As merchants unify their customer personalization and fraud prevention data, their systems will be more intelligent about good customers to avoid accidentally declining their orders. This is important because all the money is wasted on personalization and other marketing if misaligned fraud filters reject an order from a customer who feels familiar to the merchant.

Thirty-nine percent of the time, according to survey data collected for ClearSale by Sapio Research, these shoppers will never return. With unified customer data, the anti-fraud AI can better identify customers so they are less likely to flag their good orders. This data is backed up by manual verification to prevent false declines. They are extremely valuable for sales and customer loyalty.

Ecommerce Fraud Prevention in 2021 and Beyond

Merchants who keep pace with new sales channels, current consumer needs and changing customer behavior can stay competitive in 2021 as long as they also adapt their scam programs to reflect the new tactics scammers are using in different e-commerce channels and avoid turning to good customers.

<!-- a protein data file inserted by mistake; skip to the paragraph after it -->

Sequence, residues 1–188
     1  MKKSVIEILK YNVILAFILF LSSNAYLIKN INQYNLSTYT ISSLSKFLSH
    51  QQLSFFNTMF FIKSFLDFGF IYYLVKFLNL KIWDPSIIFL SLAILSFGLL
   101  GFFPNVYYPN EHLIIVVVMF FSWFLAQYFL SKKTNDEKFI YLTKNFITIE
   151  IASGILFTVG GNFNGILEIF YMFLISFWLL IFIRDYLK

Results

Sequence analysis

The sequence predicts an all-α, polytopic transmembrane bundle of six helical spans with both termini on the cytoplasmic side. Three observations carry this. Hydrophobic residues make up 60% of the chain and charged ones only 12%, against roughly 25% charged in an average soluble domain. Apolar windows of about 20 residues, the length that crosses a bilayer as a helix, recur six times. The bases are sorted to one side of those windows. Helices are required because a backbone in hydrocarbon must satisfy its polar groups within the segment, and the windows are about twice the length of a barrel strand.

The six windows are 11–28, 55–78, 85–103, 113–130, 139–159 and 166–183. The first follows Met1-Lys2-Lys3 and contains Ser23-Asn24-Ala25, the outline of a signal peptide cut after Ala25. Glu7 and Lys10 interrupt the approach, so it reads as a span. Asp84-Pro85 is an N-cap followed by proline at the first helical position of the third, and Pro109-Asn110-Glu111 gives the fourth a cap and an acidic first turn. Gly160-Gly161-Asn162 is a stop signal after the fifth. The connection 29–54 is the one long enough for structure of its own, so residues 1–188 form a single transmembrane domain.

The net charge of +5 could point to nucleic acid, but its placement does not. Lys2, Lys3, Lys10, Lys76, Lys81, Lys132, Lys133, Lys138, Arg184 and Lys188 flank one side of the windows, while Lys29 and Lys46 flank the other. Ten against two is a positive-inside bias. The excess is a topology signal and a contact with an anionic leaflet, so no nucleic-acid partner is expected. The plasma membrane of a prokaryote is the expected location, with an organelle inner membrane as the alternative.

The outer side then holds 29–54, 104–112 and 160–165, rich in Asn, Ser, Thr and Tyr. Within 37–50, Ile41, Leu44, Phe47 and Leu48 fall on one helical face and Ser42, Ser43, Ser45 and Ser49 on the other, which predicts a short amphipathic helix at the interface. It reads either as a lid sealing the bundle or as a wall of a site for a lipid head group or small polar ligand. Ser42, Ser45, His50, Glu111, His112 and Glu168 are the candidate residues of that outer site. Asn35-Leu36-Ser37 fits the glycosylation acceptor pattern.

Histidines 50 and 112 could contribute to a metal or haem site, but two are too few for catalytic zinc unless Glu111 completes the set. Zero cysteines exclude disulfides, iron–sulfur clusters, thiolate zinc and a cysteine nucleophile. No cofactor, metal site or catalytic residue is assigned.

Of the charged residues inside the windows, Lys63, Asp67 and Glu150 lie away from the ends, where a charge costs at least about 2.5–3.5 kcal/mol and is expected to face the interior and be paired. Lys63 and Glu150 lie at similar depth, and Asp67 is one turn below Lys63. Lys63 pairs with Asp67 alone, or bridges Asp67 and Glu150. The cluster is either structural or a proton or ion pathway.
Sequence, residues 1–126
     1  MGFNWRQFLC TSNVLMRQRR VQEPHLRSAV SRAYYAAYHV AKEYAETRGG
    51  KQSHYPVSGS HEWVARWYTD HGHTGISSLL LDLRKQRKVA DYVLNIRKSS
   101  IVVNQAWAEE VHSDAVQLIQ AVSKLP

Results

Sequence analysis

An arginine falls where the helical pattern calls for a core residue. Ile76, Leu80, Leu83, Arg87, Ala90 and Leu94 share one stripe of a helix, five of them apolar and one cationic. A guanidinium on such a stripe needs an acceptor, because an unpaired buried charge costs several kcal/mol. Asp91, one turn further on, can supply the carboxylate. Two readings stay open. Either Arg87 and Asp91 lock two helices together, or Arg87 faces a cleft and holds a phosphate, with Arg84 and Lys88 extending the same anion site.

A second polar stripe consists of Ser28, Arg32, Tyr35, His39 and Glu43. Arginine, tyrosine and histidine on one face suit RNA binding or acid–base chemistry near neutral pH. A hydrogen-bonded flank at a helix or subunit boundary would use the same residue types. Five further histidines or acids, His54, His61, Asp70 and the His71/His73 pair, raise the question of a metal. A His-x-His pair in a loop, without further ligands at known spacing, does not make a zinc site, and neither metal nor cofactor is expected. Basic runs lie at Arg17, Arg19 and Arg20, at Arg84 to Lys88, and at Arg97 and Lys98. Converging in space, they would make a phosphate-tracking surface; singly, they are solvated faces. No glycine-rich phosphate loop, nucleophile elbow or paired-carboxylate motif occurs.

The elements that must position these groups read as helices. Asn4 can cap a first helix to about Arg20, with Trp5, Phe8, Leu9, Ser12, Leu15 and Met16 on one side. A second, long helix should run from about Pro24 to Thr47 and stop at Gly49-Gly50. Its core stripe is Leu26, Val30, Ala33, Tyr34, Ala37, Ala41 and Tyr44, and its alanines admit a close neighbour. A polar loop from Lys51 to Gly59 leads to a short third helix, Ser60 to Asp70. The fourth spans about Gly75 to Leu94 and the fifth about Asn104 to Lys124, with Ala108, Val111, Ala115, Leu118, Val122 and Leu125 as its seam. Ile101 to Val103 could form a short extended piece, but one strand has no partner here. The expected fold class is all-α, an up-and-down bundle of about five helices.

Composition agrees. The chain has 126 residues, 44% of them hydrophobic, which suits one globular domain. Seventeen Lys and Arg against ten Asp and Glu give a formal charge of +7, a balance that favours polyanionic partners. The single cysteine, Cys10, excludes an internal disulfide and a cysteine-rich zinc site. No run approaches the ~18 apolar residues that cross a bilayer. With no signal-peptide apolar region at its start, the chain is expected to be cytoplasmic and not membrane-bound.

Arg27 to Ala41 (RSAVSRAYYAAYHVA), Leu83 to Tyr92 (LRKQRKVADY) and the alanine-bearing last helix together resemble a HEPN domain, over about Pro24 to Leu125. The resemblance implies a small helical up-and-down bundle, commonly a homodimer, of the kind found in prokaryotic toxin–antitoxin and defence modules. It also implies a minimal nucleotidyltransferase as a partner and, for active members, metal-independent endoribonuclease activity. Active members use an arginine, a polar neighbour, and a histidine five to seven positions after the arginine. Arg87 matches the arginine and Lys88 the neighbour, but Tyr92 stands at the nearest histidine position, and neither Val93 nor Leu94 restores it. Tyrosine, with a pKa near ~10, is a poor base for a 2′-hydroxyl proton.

Doing all of these things is challenging, but it can be done with unified real-time data and AI-powered fraud prevention that is peer-reviewed to keep the system smarter and deliver a better experience.

David Fletcher He is senior vice president of ClearSale, a card-less fraud prevention effort where he leads business development, sales, partnerships and alliances with leading e-commerce organizations. As a serial entrepreneur, David understands the unique vulnerabilities affecting entrepreneurs today and how fraud management can provide real solutions to these problems.